If you are like many Americans, there is a good chance that you’re looking for ways to improve your finances in retirement.
The first few years of retirement are often an adjustment period (in more ways than just financial) for most people.
As you settle into a new lifestyle, you find your monthly expenses decreasing.
Which is a good thing considering the fact that according to Annuity, 22% of Americans have less than $5,000 saved for retirement, and 15% have no retirement savings whatsoever.
Which means there’s clearly room for improvement.
To help you ensure you don’t outlive your savings, we give you 14 tips on saving, and even making, money in retirement.
#1 Create a Monthly Budget for Yourself and Set Financial Goals
If you’re someone who has recently retired or are about to retire soon, then you may find that retirement life can be a big adjustment. According to an Allianz survey, a whopping 61% of Americans fear outliving their money more than they fear death.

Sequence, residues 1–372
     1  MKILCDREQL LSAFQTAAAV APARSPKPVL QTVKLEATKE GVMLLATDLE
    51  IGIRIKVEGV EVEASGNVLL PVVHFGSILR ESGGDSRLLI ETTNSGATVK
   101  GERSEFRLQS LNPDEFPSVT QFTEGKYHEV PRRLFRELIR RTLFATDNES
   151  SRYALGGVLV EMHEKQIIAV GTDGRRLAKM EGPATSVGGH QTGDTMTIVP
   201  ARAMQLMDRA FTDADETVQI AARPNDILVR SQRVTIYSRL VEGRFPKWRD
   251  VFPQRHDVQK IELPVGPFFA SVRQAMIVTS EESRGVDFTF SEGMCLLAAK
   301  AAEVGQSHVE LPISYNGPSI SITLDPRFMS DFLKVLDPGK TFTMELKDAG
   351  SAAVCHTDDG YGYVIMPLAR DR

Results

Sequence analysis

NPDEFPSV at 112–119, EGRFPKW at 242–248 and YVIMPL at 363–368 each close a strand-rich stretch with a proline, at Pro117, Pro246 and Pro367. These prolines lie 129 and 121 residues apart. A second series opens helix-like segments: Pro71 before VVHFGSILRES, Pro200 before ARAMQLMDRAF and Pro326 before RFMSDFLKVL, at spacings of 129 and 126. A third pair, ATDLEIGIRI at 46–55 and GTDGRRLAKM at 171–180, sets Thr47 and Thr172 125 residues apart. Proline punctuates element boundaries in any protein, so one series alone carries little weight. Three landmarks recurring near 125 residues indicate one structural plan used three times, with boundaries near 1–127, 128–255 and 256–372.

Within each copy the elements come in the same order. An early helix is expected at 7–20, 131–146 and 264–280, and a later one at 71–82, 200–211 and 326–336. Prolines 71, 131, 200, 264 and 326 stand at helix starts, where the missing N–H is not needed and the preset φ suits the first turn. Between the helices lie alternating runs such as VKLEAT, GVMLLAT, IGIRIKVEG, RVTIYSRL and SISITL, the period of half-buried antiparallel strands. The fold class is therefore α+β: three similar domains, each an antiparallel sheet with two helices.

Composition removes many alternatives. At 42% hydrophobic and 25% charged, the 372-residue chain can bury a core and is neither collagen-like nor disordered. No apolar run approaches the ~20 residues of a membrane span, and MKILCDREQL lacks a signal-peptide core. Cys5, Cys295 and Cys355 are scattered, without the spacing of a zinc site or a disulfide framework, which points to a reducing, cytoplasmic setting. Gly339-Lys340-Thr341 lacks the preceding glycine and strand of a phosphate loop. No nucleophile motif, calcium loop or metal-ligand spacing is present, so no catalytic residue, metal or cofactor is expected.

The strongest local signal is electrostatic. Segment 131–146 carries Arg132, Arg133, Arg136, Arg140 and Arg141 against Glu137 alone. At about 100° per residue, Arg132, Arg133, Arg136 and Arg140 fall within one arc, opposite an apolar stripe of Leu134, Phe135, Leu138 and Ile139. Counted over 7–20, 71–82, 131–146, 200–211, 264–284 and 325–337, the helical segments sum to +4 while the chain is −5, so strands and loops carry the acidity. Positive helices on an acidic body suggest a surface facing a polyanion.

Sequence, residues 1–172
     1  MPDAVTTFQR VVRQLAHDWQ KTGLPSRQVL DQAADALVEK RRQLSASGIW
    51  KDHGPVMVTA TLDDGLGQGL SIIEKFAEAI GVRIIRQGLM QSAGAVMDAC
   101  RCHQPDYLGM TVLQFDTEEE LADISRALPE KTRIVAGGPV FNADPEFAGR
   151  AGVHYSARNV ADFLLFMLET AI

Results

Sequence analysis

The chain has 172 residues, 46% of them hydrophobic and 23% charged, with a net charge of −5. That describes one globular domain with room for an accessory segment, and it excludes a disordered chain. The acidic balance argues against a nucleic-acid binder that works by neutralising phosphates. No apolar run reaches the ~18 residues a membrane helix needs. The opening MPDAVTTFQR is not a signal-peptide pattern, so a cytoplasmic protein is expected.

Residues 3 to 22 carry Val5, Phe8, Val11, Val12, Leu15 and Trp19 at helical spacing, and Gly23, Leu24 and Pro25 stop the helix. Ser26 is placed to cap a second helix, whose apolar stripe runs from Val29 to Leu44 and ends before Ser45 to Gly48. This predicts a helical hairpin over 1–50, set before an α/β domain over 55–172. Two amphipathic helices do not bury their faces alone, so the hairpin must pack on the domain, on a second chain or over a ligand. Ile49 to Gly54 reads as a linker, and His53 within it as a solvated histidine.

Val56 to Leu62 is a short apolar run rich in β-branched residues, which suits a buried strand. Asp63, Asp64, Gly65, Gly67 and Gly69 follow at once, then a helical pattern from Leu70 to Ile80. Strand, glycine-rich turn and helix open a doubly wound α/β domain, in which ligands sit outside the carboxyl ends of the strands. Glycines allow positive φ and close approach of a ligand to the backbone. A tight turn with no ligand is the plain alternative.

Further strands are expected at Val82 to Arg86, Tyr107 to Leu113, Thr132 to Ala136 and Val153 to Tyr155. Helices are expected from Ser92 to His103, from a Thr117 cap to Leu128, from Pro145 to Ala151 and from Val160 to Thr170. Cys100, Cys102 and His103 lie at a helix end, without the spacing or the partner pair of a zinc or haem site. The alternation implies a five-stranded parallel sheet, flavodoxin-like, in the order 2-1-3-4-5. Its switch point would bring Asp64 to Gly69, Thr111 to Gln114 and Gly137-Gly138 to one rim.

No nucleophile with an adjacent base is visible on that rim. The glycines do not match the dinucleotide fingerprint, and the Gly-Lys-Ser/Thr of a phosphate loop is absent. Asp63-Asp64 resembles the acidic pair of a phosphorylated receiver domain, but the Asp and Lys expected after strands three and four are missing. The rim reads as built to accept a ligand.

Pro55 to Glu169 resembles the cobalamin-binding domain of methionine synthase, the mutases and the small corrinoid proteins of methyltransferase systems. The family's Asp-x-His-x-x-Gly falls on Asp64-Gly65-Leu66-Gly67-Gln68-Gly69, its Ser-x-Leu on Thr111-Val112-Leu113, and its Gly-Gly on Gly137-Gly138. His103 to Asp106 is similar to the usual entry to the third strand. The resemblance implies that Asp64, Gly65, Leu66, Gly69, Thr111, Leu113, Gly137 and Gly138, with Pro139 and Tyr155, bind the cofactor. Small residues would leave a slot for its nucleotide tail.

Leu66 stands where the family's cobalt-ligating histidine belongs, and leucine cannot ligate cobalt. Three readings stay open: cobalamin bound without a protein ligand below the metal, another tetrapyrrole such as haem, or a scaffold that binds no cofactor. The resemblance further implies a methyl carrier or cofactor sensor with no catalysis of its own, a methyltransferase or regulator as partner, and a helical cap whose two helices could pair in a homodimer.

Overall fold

That’s why you must take time to create a monthly budget for yourself and set financial goals so that you avoid giving in to this fear.
Start by determining your total monthly income is (sources of income include retirement accounts, pensions, social security, disability benefits, investments/savings accounts).
Then look at what your expenses are and divide those into fixed and variable categories.
This will give you some insight into your spending habits, and you’ll see if there’s any room for improvement, where you may want to cut back on spending to reach your financial goals, and how to save more money in retirement.
#2 Put Your House on the Market, Sell, and Downsize
While this may seem like a big move (pun intended), it’s a common one.
Whether it’s due to financial reasons like having a cheaper mortgage or to be closer to your family, 51% of retirees who move from their old homes downsize.
From decluttering and organizing your home to selling and moving, downsizing for retirement is a huge undertaking and requires an enormous amount of work.